ExEd responds to Office of National Statistics Migration Statistics Quarterly Report, November 2014

Today’s ONS Migration Statistics Quarterly Report reveals a significant surge in net migration to the UK, at 260,000 for the year ending June 2014. It is the latest indication that the Government will not meet the Conservatives’ target of bringing net immigration down to the ‘tens of thousands’ by the end of this parliament. Exporting Education UK (ExEd), a broad-based group of UK-based companies and organisations involved in education as an export (primarily through educating international students in the UK and overseas), has previously spoken out against the use of an arbitrary net migration target and its distorting effect on Government policy towards international students.

The UK education export market is currently worth around £18 billion per year to the UK economy, with potential for year on year growth. Teaching international students also boosts the UK’s soft power abroad and gives British students a unique opportunity to interact with and understand those from different cultures. A consistently positive message from government is essential in helping the UK build its share of this lucrative market, which would bring both short and long term benefits to the country. ExEd holds that such a positive message is inconsistent with the existence of a net migration target which includes international students.

Graham Able, Chair of ExEd, said: ‘This latest ONS report shows that it is time for the Prime Minister to retire this unhelpful and undeliverable target. We are pleased see that all but one of the main political parties (including UKIP) have now committed to removing international students from net migration figures, and I hope that the Conservatives will follow suit after next year’s election. But more action is needed if the UK is to build its share of the international education market; aside from the removal of international students from net migration figures, ExEd also calls for changes in legislation to allow all students in higher education to undertake paid work during their courses and to give non-EU degree students the right to work for two years post-graduation. To help make us more attractive relative to rival study destinations such as the USA, Australia and Canada, a more welcoming student visa regime is absolutely necessary – the UK should be doing all it can to encourage the most promising students of the world to study here.”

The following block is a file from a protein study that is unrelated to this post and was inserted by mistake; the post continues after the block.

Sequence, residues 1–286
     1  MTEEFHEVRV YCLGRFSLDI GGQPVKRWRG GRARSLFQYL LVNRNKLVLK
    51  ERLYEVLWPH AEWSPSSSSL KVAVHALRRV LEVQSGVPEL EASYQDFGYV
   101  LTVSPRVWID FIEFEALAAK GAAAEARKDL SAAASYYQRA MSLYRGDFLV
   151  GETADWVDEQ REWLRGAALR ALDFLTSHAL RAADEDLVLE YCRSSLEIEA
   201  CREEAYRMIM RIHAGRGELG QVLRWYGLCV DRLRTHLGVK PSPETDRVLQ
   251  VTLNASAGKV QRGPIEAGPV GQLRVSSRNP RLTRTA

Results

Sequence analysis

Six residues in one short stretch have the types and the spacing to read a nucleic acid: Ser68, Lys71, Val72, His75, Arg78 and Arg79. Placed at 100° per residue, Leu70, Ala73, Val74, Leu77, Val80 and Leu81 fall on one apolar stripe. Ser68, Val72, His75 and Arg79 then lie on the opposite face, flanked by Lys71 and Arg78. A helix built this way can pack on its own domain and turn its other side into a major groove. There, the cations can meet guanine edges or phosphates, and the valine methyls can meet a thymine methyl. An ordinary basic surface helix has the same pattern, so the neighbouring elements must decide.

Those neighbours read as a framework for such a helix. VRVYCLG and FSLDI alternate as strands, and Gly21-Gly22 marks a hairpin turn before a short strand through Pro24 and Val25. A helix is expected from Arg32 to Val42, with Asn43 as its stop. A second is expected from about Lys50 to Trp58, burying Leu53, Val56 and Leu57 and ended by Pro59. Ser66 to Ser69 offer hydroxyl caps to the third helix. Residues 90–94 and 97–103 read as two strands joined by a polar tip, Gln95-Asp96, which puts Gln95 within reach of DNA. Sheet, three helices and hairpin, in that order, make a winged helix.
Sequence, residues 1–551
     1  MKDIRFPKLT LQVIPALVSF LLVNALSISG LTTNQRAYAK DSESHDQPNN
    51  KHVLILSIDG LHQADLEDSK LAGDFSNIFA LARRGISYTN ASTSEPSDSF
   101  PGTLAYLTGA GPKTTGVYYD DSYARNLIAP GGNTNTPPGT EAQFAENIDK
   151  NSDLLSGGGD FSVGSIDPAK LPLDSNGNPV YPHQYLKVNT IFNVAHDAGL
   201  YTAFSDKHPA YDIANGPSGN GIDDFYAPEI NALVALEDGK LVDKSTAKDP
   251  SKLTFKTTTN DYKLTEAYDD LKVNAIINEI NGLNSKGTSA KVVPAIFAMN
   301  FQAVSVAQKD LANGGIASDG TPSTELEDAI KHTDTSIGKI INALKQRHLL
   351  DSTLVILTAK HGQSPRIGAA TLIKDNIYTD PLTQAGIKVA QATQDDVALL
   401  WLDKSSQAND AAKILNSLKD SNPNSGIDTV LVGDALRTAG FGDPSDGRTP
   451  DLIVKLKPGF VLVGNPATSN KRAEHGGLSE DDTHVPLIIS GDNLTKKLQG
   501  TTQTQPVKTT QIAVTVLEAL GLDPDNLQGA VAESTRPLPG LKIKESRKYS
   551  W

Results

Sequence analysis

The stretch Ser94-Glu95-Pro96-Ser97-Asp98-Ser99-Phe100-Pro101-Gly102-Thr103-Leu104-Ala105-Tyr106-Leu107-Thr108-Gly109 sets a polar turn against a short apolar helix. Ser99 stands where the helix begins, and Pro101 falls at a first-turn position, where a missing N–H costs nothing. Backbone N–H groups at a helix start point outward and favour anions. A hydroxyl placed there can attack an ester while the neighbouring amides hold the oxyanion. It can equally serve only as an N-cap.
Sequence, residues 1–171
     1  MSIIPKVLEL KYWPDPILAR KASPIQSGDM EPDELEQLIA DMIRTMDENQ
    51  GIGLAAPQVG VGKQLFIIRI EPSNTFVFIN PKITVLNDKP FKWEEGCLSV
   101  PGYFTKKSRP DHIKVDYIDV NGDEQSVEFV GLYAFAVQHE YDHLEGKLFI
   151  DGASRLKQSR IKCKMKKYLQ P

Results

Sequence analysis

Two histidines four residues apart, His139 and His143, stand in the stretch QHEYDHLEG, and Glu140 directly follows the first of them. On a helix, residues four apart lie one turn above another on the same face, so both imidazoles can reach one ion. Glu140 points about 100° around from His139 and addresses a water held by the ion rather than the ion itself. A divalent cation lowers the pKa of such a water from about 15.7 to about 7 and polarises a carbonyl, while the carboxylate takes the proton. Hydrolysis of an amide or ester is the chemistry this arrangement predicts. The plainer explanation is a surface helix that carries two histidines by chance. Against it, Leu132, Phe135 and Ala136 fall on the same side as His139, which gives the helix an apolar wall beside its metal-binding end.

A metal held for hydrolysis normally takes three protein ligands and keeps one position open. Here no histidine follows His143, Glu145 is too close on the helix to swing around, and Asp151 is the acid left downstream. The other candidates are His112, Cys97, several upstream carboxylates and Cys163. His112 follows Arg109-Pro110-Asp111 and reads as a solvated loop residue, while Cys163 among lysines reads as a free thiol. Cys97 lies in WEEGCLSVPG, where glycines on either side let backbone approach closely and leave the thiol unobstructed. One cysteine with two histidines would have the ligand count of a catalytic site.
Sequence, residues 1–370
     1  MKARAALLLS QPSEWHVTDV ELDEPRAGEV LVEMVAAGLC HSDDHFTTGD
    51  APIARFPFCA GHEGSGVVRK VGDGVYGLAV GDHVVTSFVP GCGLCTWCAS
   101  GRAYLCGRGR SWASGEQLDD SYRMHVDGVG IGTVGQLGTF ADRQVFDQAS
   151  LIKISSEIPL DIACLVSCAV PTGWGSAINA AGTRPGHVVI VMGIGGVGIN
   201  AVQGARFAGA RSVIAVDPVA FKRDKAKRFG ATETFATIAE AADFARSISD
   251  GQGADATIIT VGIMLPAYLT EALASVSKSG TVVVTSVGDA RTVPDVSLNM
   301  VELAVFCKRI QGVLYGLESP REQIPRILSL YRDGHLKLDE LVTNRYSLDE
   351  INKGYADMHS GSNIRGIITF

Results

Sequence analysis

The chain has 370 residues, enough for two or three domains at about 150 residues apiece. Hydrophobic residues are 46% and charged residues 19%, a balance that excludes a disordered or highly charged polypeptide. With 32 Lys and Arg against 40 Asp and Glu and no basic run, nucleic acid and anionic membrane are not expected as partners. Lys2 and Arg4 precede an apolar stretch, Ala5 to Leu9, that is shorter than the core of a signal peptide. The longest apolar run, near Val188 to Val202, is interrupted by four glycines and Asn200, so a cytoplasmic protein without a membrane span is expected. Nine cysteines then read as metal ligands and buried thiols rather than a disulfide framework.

Notes to editors:

About Exporting Education

Exporting Education is a broad-based group of UK-based companies and organisations involved in education as an export (either educating foreign students in the UK or abroad) who have come together to promote the value of the sector to the UK and its contribution to the UK’s long term competitiveness in the global economy. The group is known as ExEd for short. The group currently has over 20 members, who span the full range of education from Pre-preps, Prep schools, High Schools, Sixth Form Colleges, FE & HE colleges, Professional Colleges and Education Publishers, all of whom are exemplars of UK education.